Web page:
Bunratty Castle Pork Ribs

Ciaran Ganter and Susan sample the famous pork ribs at Bunratty Castle in Ireland. Photo by Veronica Hill

Ciaran Ganter and Susan sample the famous pork ribs at Bunratty Castle in Ireland. Photo by Veronica Hill

If you ever have the good fortune to travel to Ireland, one of the most popular attractions is the medieval banquet held at Bunratty Castle in County Clare. These lively evenings are an excellent way to tour a restored 15th-century castle while enjoying a night of medieval food, reenactments, live music and dancing.

Here I am sampling the salted friendship bread at Bunratty Castle. This was in 1999! Photo by Veronica Hill

Here I am sampling the salted friendship bread at Bunratty Castle. This was in 1999! Photo by Veronica Hill

Overlooking the River Shannon, Bunratty (Bun Raite) Castle was once home to the O’Briens, Earls of Thomond, who controlled the castle between 1500 and 1640. The Great Earl, who died in 1624, was famous for his hospitality and entertained lavishly in the Great Hall, one of the castle’s grandest rooms. Today, it is beautifully restored to its original state, complete with 15th- to 17th-century furniture, tapestries and other fine objects.

The castle’s Main Guard room, once the soldiers’ dining and sleeping quarters, is now home to the grand four-course meal, offered by candlelight on rustic 15-foot-long wooden tables.

In the Middle Ages, diners used a dagger to eat their meal. Today’s guests are armed with a steak knife and colorful red bib.

The Bunratty Castle feast begins with a salted “friendship” bread (meant to stimulate the appetite) followed by a glass of warm mead, a sweet wine made from fermented honey, apple juice, clover and heather. 
In medieval times, a bottle of mead was offered to the bride and groom on their wedding day. The couple was expected to drink it each night for one full moon after the wedding, which is where the term “honeymoon” originated.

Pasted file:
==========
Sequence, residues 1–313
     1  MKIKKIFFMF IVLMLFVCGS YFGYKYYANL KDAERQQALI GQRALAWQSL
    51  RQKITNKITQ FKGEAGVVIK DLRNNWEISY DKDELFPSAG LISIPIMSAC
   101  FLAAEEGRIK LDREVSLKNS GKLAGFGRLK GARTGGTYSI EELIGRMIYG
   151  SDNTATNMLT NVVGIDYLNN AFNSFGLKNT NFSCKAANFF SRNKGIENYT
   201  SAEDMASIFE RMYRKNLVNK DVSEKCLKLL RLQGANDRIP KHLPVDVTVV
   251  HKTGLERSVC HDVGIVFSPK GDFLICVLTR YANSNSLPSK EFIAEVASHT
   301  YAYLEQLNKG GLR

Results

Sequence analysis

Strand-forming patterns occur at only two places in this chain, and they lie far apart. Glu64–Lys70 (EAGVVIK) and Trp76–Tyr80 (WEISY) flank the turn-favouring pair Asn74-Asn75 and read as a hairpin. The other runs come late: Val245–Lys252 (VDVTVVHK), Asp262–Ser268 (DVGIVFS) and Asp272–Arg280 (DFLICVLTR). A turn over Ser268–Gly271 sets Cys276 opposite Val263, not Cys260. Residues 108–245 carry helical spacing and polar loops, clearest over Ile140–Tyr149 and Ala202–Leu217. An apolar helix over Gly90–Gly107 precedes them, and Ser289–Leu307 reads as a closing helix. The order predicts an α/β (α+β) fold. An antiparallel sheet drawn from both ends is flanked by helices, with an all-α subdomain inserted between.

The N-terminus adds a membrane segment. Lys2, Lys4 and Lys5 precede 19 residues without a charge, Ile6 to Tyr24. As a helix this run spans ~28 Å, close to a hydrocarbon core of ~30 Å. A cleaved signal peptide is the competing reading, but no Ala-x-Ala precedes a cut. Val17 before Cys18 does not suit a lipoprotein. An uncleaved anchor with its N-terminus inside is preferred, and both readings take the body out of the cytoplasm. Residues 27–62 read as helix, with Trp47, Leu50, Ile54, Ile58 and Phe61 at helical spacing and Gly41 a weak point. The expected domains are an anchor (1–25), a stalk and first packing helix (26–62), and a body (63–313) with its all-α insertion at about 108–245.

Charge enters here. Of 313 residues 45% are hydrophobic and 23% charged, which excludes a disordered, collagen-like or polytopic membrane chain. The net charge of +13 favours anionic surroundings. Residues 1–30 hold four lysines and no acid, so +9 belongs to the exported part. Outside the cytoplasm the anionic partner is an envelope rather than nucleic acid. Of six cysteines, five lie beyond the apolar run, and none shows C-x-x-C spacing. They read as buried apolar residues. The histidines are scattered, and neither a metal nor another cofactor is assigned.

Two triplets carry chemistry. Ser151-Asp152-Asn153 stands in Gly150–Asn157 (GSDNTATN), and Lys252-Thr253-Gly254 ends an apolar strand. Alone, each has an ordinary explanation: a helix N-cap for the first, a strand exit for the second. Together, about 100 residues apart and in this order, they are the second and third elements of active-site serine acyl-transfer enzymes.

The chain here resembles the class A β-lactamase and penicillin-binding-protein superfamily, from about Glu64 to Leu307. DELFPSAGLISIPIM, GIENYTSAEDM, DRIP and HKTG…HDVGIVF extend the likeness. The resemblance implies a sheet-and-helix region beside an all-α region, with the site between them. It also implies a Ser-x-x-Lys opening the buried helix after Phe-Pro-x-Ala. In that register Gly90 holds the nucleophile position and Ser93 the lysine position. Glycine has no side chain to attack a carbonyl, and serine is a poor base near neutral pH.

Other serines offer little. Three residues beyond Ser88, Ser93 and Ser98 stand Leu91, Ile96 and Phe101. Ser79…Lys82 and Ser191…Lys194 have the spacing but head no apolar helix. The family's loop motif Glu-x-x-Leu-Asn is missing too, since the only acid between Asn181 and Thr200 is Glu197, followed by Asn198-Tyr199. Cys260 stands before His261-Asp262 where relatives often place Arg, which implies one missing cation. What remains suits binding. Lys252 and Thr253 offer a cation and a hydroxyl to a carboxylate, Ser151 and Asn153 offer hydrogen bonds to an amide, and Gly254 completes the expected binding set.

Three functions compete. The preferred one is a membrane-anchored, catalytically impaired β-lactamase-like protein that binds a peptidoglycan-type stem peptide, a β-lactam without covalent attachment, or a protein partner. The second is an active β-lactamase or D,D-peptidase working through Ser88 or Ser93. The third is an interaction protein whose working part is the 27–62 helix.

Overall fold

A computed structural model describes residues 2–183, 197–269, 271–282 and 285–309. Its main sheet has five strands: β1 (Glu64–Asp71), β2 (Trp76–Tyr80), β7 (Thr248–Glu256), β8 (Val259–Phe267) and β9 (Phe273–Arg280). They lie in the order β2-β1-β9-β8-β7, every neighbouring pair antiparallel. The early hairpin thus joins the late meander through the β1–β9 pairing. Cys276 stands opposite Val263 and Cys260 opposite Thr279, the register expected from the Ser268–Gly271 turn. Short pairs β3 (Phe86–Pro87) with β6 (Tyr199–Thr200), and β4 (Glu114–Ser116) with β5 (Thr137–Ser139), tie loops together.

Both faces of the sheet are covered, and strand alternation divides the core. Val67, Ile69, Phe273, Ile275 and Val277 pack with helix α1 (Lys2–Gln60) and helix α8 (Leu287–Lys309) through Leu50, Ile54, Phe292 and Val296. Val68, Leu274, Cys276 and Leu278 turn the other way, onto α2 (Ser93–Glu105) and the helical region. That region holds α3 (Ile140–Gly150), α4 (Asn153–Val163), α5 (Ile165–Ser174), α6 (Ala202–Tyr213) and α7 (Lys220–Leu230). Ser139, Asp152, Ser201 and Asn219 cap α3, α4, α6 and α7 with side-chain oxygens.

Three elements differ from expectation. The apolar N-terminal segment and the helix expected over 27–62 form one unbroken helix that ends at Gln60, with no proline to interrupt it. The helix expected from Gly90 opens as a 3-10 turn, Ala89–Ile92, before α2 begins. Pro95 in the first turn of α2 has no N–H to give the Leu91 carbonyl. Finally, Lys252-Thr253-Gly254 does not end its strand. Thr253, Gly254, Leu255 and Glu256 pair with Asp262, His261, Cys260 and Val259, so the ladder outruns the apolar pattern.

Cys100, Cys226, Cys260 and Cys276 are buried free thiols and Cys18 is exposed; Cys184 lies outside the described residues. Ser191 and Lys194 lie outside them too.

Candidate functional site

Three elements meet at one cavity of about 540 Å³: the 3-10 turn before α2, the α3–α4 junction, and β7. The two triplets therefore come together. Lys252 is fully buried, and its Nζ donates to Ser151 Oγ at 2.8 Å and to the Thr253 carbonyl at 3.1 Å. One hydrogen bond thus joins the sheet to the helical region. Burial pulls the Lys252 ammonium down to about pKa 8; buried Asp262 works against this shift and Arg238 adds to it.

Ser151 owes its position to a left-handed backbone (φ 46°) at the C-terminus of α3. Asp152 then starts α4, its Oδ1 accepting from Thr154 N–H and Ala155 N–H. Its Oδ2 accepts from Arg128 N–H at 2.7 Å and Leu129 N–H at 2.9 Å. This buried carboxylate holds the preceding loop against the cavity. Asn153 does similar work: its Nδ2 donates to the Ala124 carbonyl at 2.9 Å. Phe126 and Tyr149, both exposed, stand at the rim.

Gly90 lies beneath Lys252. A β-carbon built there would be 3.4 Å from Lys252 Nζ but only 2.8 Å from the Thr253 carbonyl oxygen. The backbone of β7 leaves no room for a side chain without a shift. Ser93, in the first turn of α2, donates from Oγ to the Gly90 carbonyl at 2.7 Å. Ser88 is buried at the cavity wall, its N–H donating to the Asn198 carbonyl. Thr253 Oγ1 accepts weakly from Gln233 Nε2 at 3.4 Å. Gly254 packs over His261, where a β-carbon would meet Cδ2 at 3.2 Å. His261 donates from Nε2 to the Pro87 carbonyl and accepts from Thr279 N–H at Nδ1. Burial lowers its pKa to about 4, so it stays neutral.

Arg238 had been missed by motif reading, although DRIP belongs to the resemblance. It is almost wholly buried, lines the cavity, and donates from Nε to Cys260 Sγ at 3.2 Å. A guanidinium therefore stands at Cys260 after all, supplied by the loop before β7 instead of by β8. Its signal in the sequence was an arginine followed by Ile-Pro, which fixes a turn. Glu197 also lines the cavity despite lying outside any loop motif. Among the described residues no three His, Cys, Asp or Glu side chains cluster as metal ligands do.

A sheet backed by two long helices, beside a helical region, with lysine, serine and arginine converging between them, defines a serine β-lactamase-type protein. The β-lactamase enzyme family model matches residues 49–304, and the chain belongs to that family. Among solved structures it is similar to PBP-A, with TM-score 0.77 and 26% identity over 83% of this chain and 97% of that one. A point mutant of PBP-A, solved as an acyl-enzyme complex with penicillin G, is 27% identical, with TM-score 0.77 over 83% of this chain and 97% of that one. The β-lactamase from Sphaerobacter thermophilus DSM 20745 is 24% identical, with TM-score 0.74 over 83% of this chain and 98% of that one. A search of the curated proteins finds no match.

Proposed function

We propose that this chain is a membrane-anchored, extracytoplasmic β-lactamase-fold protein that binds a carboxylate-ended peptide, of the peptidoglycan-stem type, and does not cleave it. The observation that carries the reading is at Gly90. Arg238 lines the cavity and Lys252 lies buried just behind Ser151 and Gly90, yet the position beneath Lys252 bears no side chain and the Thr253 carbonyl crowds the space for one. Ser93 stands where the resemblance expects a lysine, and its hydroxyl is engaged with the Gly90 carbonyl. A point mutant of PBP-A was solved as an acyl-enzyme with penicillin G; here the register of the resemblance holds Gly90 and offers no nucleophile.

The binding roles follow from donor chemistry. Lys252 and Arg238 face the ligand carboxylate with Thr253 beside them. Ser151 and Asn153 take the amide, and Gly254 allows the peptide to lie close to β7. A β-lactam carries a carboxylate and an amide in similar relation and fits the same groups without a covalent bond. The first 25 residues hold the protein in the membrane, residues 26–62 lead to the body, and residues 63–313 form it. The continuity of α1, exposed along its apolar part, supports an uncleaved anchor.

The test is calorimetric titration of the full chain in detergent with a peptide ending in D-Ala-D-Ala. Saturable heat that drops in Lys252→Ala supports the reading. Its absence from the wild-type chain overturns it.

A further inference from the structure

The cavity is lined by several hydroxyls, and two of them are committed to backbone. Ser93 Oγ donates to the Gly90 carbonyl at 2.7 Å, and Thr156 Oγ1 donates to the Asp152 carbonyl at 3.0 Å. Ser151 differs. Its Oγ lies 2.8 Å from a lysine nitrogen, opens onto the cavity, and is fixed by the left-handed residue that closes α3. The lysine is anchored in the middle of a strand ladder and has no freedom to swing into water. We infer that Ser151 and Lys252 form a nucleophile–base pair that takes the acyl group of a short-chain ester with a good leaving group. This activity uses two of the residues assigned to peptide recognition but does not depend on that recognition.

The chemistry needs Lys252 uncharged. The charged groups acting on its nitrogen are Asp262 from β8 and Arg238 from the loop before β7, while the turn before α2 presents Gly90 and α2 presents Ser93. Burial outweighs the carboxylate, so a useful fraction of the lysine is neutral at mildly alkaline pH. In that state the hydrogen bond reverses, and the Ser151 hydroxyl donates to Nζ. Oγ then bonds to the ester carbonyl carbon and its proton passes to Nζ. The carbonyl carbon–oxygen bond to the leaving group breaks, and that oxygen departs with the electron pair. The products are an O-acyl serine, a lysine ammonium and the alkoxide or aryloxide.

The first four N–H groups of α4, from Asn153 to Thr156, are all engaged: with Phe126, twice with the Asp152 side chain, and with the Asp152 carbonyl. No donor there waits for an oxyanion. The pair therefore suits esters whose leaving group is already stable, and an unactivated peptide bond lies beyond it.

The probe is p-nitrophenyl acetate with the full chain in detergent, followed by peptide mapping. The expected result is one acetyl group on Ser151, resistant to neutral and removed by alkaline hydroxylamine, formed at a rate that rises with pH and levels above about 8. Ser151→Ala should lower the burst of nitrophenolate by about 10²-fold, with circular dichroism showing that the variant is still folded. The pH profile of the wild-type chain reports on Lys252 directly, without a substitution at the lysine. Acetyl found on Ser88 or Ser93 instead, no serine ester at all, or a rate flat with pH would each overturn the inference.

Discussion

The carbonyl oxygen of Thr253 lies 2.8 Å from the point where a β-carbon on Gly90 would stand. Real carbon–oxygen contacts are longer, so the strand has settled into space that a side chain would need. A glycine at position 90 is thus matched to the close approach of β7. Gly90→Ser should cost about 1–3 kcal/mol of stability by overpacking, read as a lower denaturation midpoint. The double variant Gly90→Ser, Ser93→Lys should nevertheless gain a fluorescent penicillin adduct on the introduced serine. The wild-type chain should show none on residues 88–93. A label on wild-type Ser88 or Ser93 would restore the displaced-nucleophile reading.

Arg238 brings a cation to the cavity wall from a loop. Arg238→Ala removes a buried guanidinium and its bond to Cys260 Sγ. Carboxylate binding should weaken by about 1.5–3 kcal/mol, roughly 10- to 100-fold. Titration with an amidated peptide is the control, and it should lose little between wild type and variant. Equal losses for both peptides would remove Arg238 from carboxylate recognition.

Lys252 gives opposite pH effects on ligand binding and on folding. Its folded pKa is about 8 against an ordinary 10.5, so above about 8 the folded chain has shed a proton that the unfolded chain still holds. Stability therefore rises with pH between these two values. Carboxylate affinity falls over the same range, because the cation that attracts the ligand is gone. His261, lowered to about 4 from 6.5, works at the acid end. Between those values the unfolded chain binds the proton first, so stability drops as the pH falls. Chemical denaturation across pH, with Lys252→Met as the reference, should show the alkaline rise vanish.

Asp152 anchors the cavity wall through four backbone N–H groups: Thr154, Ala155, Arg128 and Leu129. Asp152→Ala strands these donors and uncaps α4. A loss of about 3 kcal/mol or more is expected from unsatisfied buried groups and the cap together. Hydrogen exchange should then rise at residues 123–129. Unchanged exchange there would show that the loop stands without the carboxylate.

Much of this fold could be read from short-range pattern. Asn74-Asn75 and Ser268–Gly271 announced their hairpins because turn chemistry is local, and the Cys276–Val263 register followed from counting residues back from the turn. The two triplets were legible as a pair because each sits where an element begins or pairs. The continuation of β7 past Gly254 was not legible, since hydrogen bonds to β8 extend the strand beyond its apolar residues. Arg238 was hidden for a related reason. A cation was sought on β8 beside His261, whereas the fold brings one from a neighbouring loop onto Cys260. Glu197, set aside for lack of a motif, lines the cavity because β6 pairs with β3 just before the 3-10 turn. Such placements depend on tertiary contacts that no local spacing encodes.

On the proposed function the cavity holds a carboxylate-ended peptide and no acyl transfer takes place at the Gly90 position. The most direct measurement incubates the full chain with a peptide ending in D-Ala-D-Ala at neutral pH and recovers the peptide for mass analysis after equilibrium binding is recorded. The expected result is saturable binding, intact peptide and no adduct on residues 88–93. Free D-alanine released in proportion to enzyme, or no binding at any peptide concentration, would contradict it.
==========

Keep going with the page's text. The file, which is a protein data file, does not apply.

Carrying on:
Mead was offered to protect the couple from fairies who might spirit the bride away. It was also believed to have magical powers of fertility and virility.

For those who can’t travel to the Emerald Isle, here is the Bunratty Castle Pork Ribs recipe, which is made with a honey whiskey sauce. Other items you’ll find on the Bunratty Castle menu include a delicious potato-leek soup, and a dessert called lover’s kiss, which is sponge cake with berries and cream. And while you won’t be able to duplicate the entertainment, you can play a CD of your favorite Baroque-style music and enjoy a mug of warm Bunratty Mead. Bunratty Mead is available in the United States through Camelot Importers at (800) 422-6356.

 

The duke personally serves me some of the famous pork ribs at Bunratty Castle. I'm not worthy! Photo by Veronica Hill

The Great Earl personally served me some of the famous pork ribs at Bunratty Castle. I’m not worthy! Photo by Veronica Hill

 

Bunratty Castle Recipes

Ingredients

  • 5 lbs pork spareribs
  • Honey Whiskey Sauce:
  • 1 tablespoon vegetable oil
  • 1 onion, peeled and sliced
  • 1 garlic clove, minced
  • 1/4 cup honey
  • 1 cup Irish whiskey
  • 1 teaspoon Worcestershire sauce
  • 2 tablespoons ketchup
  • 1 lemon, juice of
  • 4 cups homemade chicken stock or 4 cups canned chicken broth
  • 1/2 cup demi-glace or 1/2 cup condensed chicken broth

Instructions

  1. Cover ribs with cold water in a large pot. Bring to a boil, then cover and reduce heat to simmer.
  2. Cook until fork tender, about 1 hour, skimming the water occasionally to remove the foam. Transfer to a large baking pan.
  3. Preheat oven to 350°F.
  4. To make the sauce: In a medium saucepan over medium heat, heat the oil and cook the onion and garlic until soft, about 3 minutes.
  5. Stir in all the remaining ingredients except the demi-glace or concentrated chicken broth and bring to a boil.
  6. Cook until the sauce reduces by half, 10 to 15 minutes.
  7. Stir in the demi-glace. Pour half the sauce over the ribs and bake, turning once, until the ribs begin to brown, 30-40 minutes.
  8. Slice the meat into 4 or more ribs per person and serve with remaining sauce.
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